The authors’ writings further expound on this hope as it is underlined that he bears in his heart all wounds-those of the light that died the last faint spark. The incorporation of this theologically tells of how man’s remaining hope is concealed in the prayer given the fragilities poised over him by the earthly trends. The writers’ fourth stanza further underscores the significance of the starved man to all those that believe in him as she quoted “”He bears in His Heart all wounds…”” (Line 21). Drawing from the authors’ tale, this was sufficient evidence to humanity that war merely brings pain and sin. Therefore, the common human being cannot handle these by themselves, and so the starved man evokes to be the savior of humankind from these atrocities. Lastly, a thorough comprehension of this also infers us to conclusions of how many more people will suffer as the war is not proletariat of the human social classes.
The novelist in her tale unravels the inhuman morals of humanity against the savior to their human sins as he contended “”Christ each day, each night nails there, have mercy on us- on Dives and on Lazarus…”” (Line 16-17). This describes the distinguished heaven gates that humans will indifferently take. In this writing epistle, the poet adopts the meditations of Jesus Christ from the wounds he sustained in the hands of common man. Accordingly, the Dives in this sought ascribes to the privileged man who undermined the plea of the deprived man. Ethically, the Dives was sent to hell, and the poor man Lazarus entered the heavens. Therefore, this informs us about the evils of war, though in the ultimate lines it underlines the significance of prayers to God for mercy regardless of one’s societal view.
Apart from that, the poet likens human maturity to the power of that of a “”beast.”” This is depicted in her last verse as she posited in her quote “”Then sounds the voice of One who like the heart of man was once a child who among beasts has lain…”” (Line 36-37). The author in this line compares the human development that adjusts from being an innocent being transitioning to being a grown individual that has acquired extreme features along the way. To her, human moral corrosions are not any different from the wildly beast animals that are widely known for causing misery to humans. In regards to development these equally impart negative ethics to the growing generation that equally exemplifies such behaviors in the future society, the writer, therefore, finds rationale in equating such humans to animals.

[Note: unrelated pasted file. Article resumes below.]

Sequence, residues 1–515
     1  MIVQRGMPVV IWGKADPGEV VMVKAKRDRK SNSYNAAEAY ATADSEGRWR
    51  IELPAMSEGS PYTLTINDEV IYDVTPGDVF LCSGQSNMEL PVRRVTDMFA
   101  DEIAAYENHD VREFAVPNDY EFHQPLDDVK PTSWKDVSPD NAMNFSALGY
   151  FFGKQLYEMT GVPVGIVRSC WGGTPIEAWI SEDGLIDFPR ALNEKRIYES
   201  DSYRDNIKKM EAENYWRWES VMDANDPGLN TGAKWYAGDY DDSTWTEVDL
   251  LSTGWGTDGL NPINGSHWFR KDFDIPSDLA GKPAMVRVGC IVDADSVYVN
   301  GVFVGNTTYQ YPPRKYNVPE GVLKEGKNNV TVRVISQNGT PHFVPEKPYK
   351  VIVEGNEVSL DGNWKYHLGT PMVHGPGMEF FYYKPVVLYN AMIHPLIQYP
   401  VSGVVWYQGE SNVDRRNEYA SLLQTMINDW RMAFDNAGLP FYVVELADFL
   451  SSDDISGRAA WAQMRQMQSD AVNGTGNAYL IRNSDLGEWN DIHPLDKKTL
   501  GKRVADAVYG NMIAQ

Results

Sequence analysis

Moreover, in this last stanza, the essayist hikes the influence of social surrounding in determining the fate of one’s behaviors through the comparison of humans to animals. To this, she quotes “”Then sounds the voice of one who like the heart of man, Was once a child who among beasts has lain.”” In the realm of this, Sitwell inferred to irony existing within the human development through stages to some with which they can only be compared to beasts. The metaphorical use of the “”beast”” to imply to humans’ unimaginable acquired from childhood into the adulthood takes the role to signify the power the man in question had. However, particularly to this incidence, in a religious perspective, Sitwell implied to the inconceivable characters acquired and depicted by Jesus Christ. Christ is considered to have had features similar to that of man even though was an immortal being. Despite having developed through the normal stages of human beings, Jesus had supernatural powers that empowered him to slain some “”beasts.”” Therefore, in a Christian perspective, the beast implies to any troubles and sinful nature defeated by Christ.
The author uses the theme of time to explain her assertion on the essence of hope in humankind. Sitwell identifies with the time aspect to bridge man’s length of suffering (pain) and hope. Sitwell explores the capabilities of humans to grow as well as their capacity to acquire new features as they grow and share with other generations. As she quotes “”Then sounds the voice of one who like the heart of man was once a child.”” Sitwell considers the gap between humans being young and developing into their adulthood to have appended sacred significance. In her perspective, generations tend to change along different times based on what they acquire from their preceding generations. However, given this, she further heightens the significance of prayer for one’s self and the surrounding community to be liberated from sin and labors that are intolerable to human capacity.
In conclusion, owing to the above essay analysis, Edith Sitwell’s poem aimed at inspiring mutual human relationships on the global scale. She aligns her epic to envision the sorrowful mood that has been caused by the falling rain that springs in the ire of agonizing sadness and pain to humans Sitwell’s visual imageries and auditory resonances give an indubitable imagination of what she wanted the public to draw from this poem. Important to note, the author heightens the core value of prayer that whenever a man is faced with trouble to call upon God’s intervention to relieve him from suffering and pain that by himself he cannot handle. Lastly, Sitwell contends that the rains evenly affect the good and bad; hence, it is important to pray for all individuals to enable a harmonious society.